[dm-crypt] How to recover partially overwritten LUKS volume?

András Korn korn.andras at gmail.com
Sun Aug 26 16:33:58 CEST 2012

On Sat, Aug 25, 2012 at 10:21 PM, Arno Wagner <arno at wagner.name> wrote:

>> The original RAID5 array used a chunksize of 64k, which seems to
>> suggest that the first 64k of the 0th device (which is the one I had
>> removed) should still contain the overwritten LUKS data; however, the
>> header was considerably larger than 64k (see below), so it seems I'm
>> out of luck.
> Not necessarily. You just need the ehader (~600 bytes) and one
> intact key-slot. The keyslots are 128kiB with default
> values (256kiB with XTS mode). The smaller one may have survived,
> see below. An XTS keyslot will not have survived though.

I used the defaults.

>> > To determine this you would need to find out where exactly the
>> > mdadm superbloick landed, extract the rest of the key-slot
>> > and see whether you dinf that on the removed disk. If so,
>> > you may have the data missing from the key-slot on the
>> > removed disk.
>> The trouble is though that three of four disks were overwritten...
> Thinking about this again, you are right. The resync will
> have done additional damage.

I think the resync did no damage because it only wrote to the new
disk; the originals only had to be read.

I was thinking that maybe I could try to assemble the (copies of the)
original array with the 0th, 2nd and 3rd drive, leaving the 1st out
initially and then re-add it, allowing RAID5 to sync the data to it,
thereby hopefully regenerating the LUKS metadata. However, this won't
work either.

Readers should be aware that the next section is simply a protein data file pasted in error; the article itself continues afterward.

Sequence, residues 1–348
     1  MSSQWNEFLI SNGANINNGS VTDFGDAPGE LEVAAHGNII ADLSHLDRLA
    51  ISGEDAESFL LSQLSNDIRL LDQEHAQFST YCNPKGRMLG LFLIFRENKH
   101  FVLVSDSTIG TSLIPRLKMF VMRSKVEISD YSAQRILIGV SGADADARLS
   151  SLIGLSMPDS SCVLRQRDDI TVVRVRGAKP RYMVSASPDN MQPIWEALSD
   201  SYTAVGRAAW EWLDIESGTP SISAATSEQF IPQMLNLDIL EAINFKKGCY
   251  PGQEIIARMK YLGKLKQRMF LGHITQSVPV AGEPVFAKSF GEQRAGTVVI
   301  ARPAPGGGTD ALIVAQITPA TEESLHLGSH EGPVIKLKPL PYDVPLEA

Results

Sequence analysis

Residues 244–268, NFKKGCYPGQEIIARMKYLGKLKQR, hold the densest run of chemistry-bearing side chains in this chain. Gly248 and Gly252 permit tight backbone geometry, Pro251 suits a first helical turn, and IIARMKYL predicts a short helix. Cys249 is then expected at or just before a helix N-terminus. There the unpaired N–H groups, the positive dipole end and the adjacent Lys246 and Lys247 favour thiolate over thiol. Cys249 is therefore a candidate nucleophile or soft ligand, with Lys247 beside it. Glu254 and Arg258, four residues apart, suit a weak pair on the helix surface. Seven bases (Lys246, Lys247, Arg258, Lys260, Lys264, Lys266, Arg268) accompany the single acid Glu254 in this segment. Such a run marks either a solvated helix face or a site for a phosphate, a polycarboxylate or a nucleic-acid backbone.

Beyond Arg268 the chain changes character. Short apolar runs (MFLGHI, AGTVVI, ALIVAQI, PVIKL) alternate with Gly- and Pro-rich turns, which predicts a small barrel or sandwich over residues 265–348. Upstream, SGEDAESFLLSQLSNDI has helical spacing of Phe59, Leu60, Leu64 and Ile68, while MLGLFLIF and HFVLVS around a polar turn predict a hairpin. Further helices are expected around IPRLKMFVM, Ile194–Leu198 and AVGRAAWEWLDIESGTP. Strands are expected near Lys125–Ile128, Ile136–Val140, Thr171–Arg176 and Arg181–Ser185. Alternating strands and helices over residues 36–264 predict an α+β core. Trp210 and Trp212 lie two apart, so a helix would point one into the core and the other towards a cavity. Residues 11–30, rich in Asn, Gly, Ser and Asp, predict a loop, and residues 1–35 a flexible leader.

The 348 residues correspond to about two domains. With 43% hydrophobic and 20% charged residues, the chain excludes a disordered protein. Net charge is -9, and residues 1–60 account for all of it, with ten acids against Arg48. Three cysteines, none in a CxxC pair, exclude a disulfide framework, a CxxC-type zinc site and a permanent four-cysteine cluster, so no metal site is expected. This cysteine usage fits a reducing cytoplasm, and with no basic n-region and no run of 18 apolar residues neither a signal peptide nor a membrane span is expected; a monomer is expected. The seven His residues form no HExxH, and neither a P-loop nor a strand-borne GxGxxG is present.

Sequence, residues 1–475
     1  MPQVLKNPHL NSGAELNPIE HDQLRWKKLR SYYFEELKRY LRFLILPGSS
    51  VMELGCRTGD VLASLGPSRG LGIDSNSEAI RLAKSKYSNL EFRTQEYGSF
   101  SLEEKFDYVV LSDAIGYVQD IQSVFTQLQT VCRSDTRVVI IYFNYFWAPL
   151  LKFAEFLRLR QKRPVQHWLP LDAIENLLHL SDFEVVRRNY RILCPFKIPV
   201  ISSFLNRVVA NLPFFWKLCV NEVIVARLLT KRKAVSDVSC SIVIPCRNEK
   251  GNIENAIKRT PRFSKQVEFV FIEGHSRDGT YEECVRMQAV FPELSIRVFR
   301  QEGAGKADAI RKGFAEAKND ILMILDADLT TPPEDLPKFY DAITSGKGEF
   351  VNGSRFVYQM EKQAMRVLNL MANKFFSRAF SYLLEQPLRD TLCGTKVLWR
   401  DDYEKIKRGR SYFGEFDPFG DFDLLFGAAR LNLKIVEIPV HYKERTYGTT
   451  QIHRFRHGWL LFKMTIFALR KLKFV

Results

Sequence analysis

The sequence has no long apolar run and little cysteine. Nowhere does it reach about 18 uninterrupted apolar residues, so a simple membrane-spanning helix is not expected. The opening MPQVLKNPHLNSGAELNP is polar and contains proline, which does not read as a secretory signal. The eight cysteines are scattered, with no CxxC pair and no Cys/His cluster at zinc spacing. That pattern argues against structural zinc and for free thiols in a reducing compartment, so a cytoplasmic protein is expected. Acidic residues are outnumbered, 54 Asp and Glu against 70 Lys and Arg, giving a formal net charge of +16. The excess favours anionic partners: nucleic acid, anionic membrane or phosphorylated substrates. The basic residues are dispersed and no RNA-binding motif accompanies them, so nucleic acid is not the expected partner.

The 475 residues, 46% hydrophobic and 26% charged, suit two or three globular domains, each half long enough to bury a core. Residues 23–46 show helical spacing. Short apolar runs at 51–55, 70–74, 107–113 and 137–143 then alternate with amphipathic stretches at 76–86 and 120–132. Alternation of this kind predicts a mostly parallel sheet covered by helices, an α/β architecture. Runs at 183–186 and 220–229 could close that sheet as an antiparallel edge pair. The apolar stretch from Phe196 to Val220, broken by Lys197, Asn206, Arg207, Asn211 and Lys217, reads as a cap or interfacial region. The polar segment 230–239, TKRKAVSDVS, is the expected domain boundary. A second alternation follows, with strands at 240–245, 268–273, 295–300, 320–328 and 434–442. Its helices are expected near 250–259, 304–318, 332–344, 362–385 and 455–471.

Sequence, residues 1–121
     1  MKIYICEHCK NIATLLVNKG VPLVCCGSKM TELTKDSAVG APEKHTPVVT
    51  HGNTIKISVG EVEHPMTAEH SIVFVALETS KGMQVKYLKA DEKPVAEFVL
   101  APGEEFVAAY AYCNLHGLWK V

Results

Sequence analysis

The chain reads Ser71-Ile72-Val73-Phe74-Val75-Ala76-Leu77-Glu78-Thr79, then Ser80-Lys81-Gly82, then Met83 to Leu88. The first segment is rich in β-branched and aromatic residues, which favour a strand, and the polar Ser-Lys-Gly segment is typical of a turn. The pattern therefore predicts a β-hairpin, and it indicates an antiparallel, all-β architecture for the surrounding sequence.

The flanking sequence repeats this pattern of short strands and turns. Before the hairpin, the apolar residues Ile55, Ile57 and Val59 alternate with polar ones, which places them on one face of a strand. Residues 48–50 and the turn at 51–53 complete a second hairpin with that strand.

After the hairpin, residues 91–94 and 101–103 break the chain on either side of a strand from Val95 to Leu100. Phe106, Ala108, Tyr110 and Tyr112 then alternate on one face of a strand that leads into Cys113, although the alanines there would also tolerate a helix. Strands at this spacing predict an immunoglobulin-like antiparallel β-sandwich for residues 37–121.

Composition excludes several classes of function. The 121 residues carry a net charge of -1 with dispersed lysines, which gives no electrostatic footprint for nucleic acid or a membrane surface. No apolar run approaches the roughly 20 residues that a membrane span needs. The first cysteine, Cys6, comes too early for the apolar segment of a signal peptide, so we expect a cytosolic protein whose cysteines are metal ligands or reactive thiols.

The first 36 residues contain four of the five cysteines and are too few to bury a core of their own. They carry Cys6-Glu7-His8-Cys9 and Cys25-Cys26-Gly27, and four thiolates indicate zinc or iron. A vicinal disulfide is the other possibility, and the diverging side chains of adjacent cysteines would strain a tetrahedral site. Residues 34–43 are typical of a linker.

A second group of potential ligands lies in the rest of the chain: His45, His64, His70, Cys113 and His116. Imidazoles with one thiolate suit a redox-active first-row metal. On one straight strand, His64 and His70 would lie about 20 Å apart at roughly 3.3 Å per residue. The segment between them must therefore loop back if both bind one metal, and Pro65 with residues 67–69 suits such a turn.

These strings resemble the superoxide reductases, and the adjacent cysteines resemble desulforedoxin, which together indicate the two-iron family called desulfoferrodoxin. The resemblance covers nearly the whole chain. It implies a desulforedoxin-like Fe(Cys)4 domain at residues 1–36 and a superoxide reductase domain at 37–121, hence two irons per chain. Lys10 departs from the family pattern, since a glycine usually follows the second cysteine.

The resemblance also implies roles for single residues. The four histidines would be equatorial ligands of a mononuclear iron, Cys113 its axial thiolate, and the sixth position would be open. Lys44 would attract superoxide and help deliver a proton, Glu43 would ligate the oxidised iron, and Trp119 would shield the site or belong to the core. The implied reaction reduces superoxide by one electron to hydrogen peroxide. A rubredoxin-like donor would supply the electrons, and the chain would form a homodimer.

My array used the default left-symmetric layout, which afaik is:

D0 D1 D2 P0
D4 D5 P1 D3
D8 P2 D6 D7

D1, D2 and P0 are damaged. Everything else is intact.

So even omitting D1, the data that would be used to reconstruct it
would be incorrect.

> Now resync for RAID5 only writes
> the parity of all other disks to one.

Not quite. If you add a missing disk, it will contain data as well as
parity after the resync. The parity will be computed based on the data
on the other disks as you said, while the data will be computed as a
function of the data and the parity on the other disks.

> LUKS keyslots are 128kiB in size. So you may still be in luck,
> but this is going to take a lot of time to test out and sounds
> rather unlikely.

All chunks are 64k long. The first keyslot started somewhere in the
first part of D0, covered all of D1 and ended in the first part of D2.
It's gone for sure, becuase part of D1 got overwritten. If next
keyslot followed immediately, it covered D3 and ended in D4. It was
likely also overwritten because a raid superblock was written to
D2+4k. However, the third keyslot had to start in D4 (or even D5,
depending on the specific layout; D0+D1+D2+D3 together only have room
for two keyslots).

Therefore, the third keyslot should still be intact.

Now, how do I get to it?

>> > > I have some backups but they're older than I'd like; is there anything
>> > > sensible I might to that could help me recover the LUKS volume?
>> >
>> > Not really. The only faint hope is to have the missing data
>> > on the removed disk. Nothing else that I can see. Chances are
>> > roughly 25% that the missing part is on the removed disk.
>> Even if it was RAID device #0 in the original array? Its first four
>> bytes do say LUKS, and cryptsetup appears to recognise it as a LUKS
>> device (if I try to luksOpen it separately).
> Then the first 64k to 192k (see above) will be valid header data.
> Have you tried unlocking just the removed disk with the password?

I have, and it didn't work; but it can't be expected to work, can it?
That disk contains D0, D4, D8 etc. in this order.

>> However, luksOpen still says "No key available with this passphrase."
> Yes, because ther MD header 1.2 killed data at 4kB offset
> in the first key-slot.

But I also tried with the other keys.